Mission critical computers are isolated from the internet, but even that can't eliminate the risk of data loss or destruction. Humans make mistakes and systems eventually fail, so everyone needs the mundane routine of regular updates and backups. At the very least, use your computer’s search feature to locate “create a restore point”, and then create a new restore point weekly. Each day, update your antivirus software and also backup your files to a cloud backup service (e.g. iDrive) and removable drive (e.g. this) kept off-site or in a fireproof safe. Most backup resources include software to only update what has changed, thus making the process quick and easy. Keeping frequent redundant backups may seem frivolous and paranoid, until the day your computer becomes corrupt or your hard drive fails.

Using a Windows log-on password might deter the amateur thief, but it is easy to bypass. So, to prevent others from accessing your files, consider encrypting an entire drive or partition (veracrypt or BitLocker), and / or specific files on demand (AxCrypt or 7zip).
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You also may want to review what Microsoft can do with your data by holding down the Windows logo key on your keyboard and then touching the letter “I” to open your settings. Then choose the “Privacy” option and review all of the tabs and settings to disable everything that you do not need to share.

While on the topic of privacy, if you want anonymity while online, then consider using the free Tor browser and a Virtual Private Network VPN to keep your web habits private. Using a VPN (e.g. SurfShark or PIA) prevents your personal information from being captured while using public Wi-Fi. Internet service providers (ISP) can legally monitor your data, and degrade your speed when you use a VPN. SurfShark VPN solves this by using OpenVPN-UDP to be invisible to your ISP, and they routinely have deep pricing promotions. Most VPNs also include a Kill Switch that prevents internet usage until a secure connection has been established.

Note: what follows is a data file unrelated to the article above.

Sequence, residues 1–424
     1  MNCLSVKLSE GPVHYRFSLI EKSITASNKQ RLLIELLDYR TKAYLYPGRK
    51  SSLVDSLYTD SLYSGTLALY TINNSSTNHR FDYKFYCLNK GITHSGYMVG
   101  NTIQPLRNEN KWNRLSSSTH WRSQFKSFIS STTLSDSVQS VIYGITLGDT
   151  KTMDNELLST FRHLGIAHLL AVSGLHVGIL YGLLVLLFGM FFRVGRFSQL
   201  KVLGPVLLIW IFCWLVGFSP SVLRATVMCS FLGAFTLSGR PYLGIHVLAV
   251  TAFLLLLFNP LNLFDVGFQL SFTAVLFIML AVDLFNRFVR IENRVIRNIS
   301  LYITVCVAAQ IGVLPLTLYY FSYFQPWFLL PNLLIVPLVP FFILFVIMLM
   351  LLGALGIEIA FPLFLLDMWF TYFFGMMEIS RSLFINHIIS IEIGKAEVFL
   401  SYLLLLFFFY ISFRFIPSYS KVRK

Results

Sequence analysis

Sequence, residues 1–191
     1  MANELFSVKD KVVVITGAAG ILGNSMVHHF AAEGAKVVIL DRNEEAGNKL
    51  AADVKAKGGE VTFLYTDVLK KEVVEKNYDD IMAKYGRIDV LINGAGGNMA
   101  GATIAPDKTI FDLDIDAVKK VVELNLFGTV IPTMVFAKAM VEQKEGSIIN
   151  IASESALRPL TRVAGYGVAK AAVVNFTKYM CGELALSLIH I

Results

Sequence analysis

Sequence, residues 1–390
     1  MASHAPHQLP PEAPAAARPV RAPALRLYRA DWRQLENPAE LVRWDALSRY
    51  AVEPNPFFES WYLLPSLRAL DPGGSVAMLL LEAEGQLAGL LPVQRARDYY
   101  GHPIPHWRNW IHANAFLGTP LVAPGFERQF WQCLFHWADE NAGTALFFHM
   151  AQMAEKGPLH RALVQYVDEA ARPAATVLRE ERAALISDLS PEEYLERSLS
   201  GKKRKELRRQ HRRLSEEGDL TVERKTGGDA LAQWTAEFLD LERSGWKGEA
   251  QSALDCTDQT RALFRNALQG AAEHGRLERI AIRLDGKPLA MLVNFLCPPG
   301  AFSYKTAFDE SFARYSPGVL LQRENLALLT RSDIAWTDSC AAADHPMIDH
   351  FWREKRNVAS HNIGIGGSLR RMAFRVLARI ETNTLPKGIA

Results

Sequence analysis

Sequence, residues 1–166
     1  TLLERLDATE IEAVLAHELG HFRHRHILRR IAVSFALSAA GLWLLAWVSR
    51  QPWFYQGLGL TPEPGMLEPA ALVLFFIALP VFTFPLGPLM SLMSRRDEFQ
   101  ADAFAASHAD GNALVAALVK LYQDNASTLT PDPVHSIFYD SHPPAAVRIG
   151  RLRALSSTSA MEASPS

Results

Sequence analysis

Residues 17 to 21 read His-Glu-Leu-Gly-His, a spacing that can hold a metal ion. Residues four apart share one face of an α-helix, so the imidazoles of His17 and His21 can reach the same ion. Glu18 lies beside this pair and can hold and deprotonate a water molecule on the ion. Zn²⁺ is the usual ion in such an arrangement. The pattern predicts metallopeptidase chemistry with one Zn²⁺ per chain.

For those who put their life on social media (e.g. Facebook), just keep in mind that others can mine that data to answer the “challenge” questions used for the banking or email’s “forgot password” website feature. Once thieves reset those passwords, they can steal money and prevent the account holder from receiving notifications until it’s far too late. As such, consider appending all your challenge question answers to always begin or end with a consistent added alphanumeric key phrase you will never forget (e.g. "L3afbl0wer"). Also, whenever offered, activate a website's two-step verification process.

Websites that store financial, shopping or other personal information usually require a log-in password. Rather than re-using the same vulnerable password, keeping passwords on paper, or using your browser's weak password security, you can entrust this task to software. KeePass is a cost-free, ad-free, and maintains unique website passwords within an encrypted file that safely and exclusively resides within your control.

The preceding steps provide a simple, yet nearly impenetrable, layer of security to your data. Obviously, there are additional security steps that you can do, but the foregoing tips are free (or inexpensive), effective, and non-intrusive. I want you to be safe. Click HERE to learn more about my lucrative career path or HERE to get training or certification.